Antioxidants are substances that may protect your cells against free radicals, which may play a role in heart disease, cancer and other diseases. Free radicals are molecules produced when your body breaks down food or when you're exposed to tobacco smoke or radiation. Antioxidants, such as vitamins C and E and carotenoids, may help protect cells from damage caused by free radicals. Other naturally occurring antioxidants include flavonoids, tannins, phenols and lignans. Plant-based foods are the best sources.
Antioxidants are compounds that inhibit oxidation. Oxidation is a chemical reaction that can produce free radicals , thereby leading to chain reactions that may damage the cells of organisms. Antioxidants such as thiols or ascorbic acid vitamin C terminate these chain reactions. To balance the oxidative stress , plants and animals maintain complex systems of overlapping antioxidants, such as glutathione and enzymes e. The term "antioxidant" is mostly used for two entirely different groups of substances: industrial chemicals that are added to products to prevent oxidation, and naturally occurring compounds that are present in foods and tissue. The former, industrial antioxidants, have diverse uses: acting as preservatives in food and cosmetics, and being oxidation -inhibitors in rubber, synthetic plastics, and fuels.
For example, vitamin C effectively inhibits lipid and protein oxidation in human plasma exposed to various patho physiologically relevant types of oxidative stress, such as activated polymorphonuclear leukocytes, reagent or myeloperoxidase-derived hypochlorous acid, cigarette smoke, or redox-active iron or copper ions 1 , 3. Vitamin E is the most abundant lipid-soluble antioxidant in human lipoproteins and tissues and acts as a chain-breaking antioxidant against lipid peroxidation 3. There is ample evidence, mainly from case-control studies, that biomarkers of oxidative damage in human plasma, urine, and cells are increased in subjects with certain diseases or associated risk factors. F 2 -isoprostanes and their metabolites, which are reliable markers of in vivo lipid peroxidation, are elevated in hepatic cirrhosis and Alzheimer's disease and in subjects with coronary risk factors, such as cigarette smoking, diabetes mellitus, obesity, hypercholesterolemia, or hyperhomocysteinemia 6 , 8. Furthermore, plasma and tissue levels of protein carbonyls, indicative of protein oxidative damage, are increased in smokers, several neurodegenerative diseases, cataractogenesis, and rheumatoid arthritis 6. Thus, it is possible, although not proven, that these diseases are in part caused by oxidative damage to critical biological macromolecules and that dietary intake of, or supplementation with, antioxidants may lower disease risk or be useful in disease treatment.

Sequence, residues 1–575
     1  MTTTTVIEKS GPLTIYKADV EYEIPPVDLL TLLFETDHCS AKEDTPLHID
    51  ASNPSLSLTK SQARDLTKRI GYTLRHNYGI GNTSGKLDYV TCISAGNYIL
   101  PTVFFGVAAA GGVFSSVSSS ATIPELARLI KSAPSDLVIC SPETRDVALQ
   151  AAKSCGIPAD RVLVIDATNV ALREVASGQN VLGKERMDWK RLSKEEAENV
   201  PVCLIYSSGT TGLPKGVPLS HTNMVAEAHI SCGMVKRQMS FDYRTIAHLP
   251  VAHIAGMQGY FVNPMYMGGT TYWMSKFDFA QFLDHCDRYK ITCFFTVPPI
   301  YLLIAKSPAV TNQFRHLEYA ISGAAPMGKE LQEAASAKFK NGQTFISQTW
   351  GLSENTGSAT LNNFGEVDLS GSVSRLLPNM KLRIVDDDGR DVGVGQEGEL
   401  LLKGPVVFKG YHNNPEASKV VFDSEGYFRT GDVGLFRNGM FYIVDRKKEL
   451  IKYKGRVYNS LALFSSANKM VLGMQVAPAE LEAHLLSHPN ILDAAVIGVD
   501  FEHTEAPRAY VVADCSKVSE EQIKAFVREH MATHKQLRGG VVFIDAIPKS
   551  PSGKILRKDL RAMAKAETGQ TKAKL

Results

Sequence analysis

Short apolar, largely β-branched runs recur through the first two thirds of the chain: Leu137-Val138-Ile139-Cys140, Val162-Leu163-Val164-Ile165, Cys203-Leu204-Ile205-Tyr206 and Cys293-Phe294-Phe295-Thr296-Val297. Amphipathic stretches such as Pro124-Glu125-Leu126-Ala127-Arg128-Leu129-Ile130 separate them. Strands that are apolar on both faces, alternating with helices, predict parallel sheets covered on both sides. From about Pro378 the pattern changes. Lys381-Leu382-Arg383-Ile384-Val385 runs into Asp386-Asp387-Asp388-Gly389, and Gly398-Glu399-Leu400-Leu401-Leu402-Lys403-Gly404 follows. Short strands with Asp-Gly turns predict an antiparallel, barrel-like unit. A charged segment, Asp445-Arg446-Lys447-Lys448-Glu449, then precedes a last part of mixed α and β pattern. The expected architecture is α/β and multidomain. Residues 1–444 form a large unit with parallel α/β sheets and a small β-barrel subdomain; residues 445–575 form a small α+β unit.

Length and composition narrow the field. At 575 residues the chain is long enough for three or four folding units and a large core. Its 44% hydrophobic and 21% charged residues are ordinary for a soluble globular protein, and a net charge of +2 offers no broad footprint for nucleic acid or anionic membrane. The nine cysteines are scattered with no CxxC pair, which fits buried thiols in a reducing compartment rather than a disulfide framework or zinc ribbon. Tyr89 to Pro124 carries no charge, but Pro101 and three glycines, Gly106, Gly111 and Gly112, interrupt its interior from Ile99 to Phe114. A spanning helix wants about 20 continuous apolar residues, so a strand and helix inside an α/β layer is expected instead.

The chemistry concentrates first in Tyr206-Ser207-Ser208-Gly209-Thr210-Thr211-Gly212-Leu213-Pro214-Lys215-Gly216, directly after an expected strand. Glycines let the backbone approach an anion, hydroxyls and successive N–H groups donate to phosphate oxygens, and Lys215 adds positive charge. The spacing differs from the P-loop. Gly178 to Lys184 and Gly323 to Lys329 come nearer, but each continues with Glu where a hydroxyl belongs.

Oxidative stress has been related to cardiovascular disease, cancer, and other chronic diseases that account for a major portion of deaths today. Antioxidants.
Oxidative stress is an imbalance between free radicals and antioxidants in your body. Free radicals are oxygen-containing molecules with an uneven number of electrons. The uneven number allows them to easily react with other molecules. Free radicals can cause large chain chemical reactions in your body because they react so easily with other molecules.
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Antioxidants are compounds that hinder the oxidative processes and thereby delay or prevent oxidative stress. This article examines the process of oxidative stress.Millard B. 16.03.2021 at 09:29